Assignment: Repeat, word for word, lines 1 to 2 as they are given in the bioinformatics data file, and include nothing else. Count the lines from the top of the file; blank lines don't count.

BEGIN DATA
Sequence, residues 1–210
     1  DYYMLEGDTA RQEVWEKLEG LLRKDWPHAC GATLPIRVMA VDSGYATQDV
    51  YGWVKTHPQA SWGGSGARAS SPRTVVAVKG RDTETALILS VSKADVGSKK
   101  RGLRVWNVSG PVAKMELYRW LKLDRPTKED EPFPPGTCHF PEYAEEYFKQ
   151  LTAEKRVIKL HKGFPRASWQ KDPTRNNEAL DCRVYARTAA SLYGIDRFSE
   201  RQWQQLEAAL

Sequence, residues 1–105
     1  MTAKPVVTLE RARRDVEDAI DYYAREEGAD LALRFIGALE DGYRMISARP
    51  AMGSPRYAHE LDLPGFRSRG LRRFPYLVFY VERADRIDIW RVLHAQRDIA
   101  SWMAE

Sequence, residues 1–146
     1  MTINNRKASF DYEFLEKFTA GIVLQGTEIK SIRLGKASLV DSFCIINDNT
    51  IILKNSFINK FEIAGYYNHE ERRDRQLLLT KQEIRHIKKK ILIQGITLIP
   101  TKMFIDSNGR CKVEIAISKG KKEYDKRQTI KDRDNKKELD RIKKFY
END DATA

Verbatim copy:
Sequence, residues 1–210
     1  DYYMLEGDTA RQEVWEKLEG LLRKDWPHAC GATLPIRVMA VDSGYATQDV